Posted by: Kerry Gans | January 3, 2013

Top Picks Thursday 01-03-2013

Welcome to 2013! We wish all of our readers a happy, healthy, and prosperous new year.

Along with the new year often comes a desire to help make the world a little bit better. Some ways you can help: Sandy Hook Elementary in Newtown, CT, is in “desperate need” of picture books; you can help your local library by using one of these ways to advocate for them; and Bleeding Cool is creating a comics collection to support children handling tough times called You Are Not Alone.

It may be 2013, but 2012 still has some lists to give us! At Early Word, librarians pick their 5 favorite books of 2012; librarian Abby Johnson recommends 5 YA books that should have gotten more buzz than they did; MediaBistro has the top 10 most read books in the world; Forever Young Adult has their Best of YA 2012 list; Rachel Arons recaps the notable literary feuds of 2012; and Donna Dickens lists 27 science fictions that became science facts in 2012.

For those who read Westerns, author Jack Ballas passed away.

If case you ever wondered, Steven Roger Fischer has A History of Reading.

And this has to be the best “page not found” message ever.


Predictably, the new year brings resolutions and predictions.

Stephanie Kuehn suggests making resolutions of process rather than outcome; Susan J. Morris has 10 resolutions for writers; Carolyn Kellogg brings us 2013 resolutions from other writers; J. G. Harrison has 5 resolutions for historical fiction writers; and Chuck Wendig has 25 writer resolutions for 2013 (and beyond).

As for predictions, Kristen Lamb has predictions for the future of publishing and authors in the digital age, while Lauren Davis lists 18 predictions for the year 2013 from science fiction stories.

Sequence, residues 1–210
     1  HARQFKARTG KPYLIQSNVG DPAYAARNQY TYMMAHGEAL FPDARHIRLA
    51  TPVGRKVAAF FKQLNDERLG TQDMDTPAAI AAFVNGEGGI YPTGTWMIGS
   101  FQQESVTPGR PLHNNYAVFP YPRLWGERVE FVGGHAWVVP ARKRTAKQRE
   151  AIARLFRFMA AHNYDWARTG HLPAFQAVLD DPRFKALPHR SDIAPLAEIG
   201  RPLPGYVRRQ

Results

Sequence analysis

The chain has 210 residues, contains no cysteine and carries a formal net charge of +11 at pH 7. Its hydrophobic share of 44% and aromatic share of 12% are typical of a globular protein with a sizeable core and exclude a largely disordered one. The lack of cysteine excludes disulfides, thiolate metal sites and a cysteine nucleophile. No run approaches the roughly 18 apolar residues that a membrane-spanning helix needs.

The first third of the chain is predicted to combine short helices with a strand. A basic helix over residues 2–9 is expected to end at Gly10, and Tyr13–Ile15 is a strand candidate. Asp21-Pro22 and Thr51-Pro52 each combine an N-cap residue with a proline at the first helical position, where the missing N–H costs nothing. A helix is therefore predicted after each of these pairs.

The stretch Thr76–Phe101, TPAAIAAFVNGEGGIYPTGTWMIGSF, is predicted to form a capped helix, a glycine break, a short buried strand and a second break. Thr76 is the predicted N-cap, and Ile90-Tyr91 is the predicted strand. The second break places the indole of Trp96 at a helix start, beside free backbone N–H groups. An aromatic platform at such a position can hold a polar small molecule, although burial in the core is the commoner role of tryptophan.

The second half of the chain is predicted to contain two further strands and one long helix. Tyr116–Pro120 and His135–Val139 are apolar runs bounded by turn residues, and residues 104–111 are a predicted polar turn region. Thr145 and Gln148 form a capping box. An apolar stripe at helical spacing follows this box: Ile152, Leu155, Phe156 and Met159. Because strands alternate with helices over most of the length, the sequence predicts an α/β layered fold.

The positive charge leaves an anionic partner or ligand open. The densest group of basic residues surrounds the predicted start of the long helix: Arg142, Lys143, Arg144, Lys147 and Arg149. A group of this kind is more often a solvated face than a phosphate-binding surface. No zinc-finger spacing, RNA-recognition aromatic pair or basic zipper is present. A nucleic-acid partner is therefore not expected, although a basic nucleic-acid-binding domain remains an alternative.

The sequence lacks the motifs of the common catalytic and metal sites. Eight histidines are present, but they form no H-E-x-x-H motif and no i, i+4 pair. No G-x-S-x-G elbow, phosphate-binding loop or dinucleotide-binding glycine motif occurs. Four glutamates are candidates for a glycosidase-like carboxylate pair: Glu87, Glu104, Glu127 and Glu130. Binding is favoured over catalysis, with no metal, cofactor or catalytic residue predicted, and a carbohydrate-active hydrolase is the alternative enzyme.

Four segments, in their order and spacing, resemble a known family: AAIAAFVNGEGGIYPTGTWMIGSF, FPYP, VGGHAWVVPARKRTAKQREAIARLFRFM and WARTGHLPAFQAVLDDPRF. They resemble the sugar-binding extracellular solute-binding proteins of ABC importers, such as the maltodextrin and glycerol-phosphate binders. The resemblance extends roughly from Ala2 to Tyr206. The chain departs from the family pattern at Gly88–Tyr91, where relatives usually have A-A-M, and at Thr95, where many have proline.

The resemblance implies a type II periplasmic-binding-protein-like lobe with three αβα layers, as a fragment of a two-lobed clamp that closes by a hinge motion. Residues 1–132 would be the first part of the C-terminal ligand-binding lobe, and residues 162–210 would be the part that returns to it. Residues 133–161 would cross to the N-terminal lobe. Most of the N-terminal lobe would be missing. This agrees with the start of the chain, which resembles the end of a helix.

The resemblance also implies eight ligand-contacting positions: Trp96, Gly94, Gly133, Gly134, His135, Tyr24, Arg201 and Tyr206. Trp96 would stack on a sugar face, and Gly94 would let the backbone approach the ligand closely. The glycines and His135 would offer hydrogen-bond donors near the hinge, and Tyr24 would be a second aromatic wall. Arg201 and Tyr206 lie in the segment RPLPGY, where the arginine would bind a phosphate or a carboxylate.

Coming soon to a theater near you: adult books becoming movies in 2013 that teens will care about seeing.


How do you write? If you’re looking for a writing software program, here’s Carolyn Kaufman on why she uses yWriter.

Even nonfiction writers should pay attention to the craft of fiction writing. Sue Bradford Edwards explains how to use fiction techniques when writing nonfiction.

On the other hand, even fiction writing takes research, and Kaitlin Ward lays out research and its varying levels.

Once you’ve got your information in hand, check out Bob Mayer’s slide show on outlining and plot to hook it all together.

Take some tips from Melissa Tydell on how to captivate your readers, while Jami Gold helps you clean up the info dumps polluting your manuscripts.

And, for anyone (or any one) interested: the correct usage of anytime vs. any time.

Characters need to be compelling. Ava Jae advises: make your characters angry to get the most out of them. But anger can make people unlikeable. Courtney Summers talks about writing unlikeable female characters without apology.

After that first draft, it’s revision time. There are probably as many revision processes as there are writers, but Danyelle Leafty shares her process of color-coding her manuscript to make visual editing easier. Meanwhile, Clancy Metzger tackles the age-old question: How do you know when it stop revising and simply give up on a manuscript?

Got a novel out there? Roz Morris talks about when you should and shouldn’t write a sequel.